The game board, itself, is a work of art. The central focus is a graphic representation of the Galactica with main sections such as Baltar’s laboratory, the bridge, Adam’s quarters, etc. blocked off. Characters can travel between these areas as well as fly off ship in Colonial Vipers or even to Colonial One, President Roslin’s personal ship. The fleet of human stragglers is represented by fleet cards which follow the Galactica. Other tables on the map indicate the number of Cylon soldiers who have boarded the Galactica, Cylon locations, holding areas for both undamaged and damaged Colonial Vipers, the status of the light speed jump engines, etc. Dials keep track of the Galactica’s food supplies, fuel status, population and overall fleet morale. When one of these dials reaches zero, the Cylons win the war. All of these items must be closely monitored by both the humans and the Cylons if the war is to won.
High quality plastic and cardboard representations of Base Stars, Vipers, Raiders and other ships add considerably to the experience of space combat in the game.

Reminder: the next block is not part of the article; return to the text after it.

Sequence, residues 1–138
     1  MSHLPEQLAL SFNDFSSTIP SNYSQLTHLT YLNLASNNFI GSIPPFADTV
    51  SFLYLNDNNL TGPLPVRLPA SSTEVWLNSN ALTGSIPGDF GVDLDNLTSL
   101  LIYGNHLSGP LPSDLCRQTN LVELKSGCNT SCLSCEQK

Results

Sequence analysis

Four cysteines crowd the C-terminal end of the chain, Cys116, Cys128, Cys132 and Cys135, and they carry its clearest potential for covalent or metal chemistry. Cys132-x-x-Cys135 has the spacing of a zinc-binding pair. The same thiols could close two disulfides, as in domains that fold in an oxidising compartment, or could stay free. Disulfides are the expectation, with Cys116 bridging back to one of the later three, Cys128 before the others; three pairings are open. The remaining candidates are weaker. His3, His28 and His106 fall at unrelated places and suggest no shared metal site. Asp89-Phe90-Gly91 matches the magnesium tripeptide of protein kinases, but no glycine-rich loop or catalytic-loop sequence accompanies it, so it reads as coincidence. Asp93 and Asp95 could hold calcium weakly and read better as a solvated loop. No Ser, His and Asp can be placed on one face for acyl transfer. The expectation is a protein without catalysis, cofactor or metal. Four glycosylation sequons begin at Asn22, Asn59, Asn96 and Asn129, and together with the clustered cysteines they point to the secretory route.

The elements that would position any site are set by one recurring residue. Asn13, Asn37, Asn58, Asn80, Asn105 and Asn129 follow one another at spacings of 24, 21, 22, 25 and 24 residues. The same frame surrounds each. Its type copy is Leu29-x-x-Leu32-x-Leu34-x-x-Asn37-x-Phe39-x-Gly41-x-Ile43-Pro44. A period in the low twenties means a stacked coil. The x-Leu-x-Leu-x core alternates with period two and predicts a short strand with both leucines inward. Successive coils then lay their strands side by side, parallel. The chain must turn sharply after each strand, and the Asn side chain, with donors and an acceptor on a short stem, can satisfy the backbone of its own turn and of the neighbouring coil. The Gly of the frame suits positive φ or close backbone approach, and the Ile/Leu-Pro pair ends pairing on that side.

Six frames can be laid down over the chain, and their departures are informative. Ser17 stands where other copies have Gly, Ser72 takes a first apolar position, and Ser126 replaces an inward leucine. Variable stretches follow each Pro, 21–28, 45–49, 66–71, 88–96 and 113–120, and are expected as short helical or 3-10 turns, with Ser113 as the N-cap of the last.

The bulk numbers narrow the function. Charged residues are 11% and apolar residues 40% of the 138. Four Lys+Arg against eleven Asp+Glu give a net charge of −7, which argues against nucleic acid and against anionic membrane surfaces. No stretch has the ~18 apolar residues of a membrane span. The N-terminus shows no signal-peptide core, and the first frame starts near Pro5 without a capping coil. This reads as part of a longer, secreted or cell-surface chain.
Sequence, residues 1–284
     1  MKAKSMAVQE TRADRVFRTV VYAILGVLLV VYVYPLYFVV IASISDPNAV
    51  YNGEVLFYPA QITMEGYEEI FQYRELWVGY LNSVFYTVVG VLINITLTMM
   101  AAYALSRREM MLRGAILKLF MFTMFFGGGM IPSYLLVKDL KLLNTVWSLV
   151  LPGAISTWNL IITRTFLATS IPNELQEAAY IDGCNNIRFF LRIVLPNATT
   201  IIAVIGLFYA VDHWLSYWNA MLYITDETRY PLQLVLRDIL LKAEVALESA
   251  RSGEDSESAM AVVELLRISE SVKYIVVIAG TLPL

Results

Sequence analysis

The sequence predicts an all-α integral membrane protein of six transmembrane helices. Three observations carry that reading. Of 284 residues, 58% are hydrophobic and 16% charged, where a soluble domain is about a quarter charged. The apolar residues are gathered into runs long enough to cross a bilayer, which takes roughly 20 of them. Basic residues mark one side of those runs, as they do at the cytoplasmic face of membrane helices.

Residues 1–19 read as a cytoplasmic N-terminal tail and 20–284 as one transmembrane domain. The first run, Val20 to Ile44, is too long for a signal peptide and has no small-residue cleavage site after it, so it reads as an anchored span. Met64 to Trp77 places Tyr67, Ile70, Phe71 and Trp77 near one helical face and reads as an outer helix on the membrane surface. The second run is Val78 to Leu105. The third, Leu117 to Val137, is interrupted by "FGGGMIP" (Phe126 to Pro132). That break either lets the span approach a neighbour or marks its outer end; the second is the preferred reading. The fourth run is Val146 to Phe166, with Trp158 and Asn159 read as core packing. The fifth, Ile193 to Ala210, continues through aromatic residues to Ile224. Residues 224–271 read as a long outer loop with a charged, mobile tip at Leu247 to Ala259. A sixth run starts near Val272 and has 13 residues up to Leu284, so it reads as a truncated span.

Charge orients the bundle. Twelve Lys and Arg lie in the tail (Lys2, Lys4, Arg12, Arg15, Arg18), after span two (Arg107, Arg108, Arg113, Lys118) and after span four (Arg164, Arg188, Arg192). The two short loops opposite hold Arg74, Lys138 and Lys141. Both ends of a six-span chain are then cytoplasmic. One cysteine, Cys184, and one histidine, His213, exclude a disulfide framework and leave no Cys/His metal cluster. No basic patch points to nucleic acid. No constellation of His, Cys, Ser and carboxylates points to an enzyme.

Threat cards are played during the course of play and these cards represent everything from a shortage of water, bomb threats, mutiny or even the arrival of Cylon attack fleets. The players collect skill cards of various types (tactics, politics, engineering, piloting and leadership) in order to overcome these threats. When a threat is drawn, the players pay various types of skill cars from their hands in order to either overcome the threat or help defeat the humans. These cards are usually played upside face down so that the players are constantly kept unaware of who is a sleeper agent and who is not. Halfway through the game, another set of loyalty cards are secretly played. Players who thought they were human may suddenly find themselves having to switch sides as they have found themselves to actually be Cylon agents.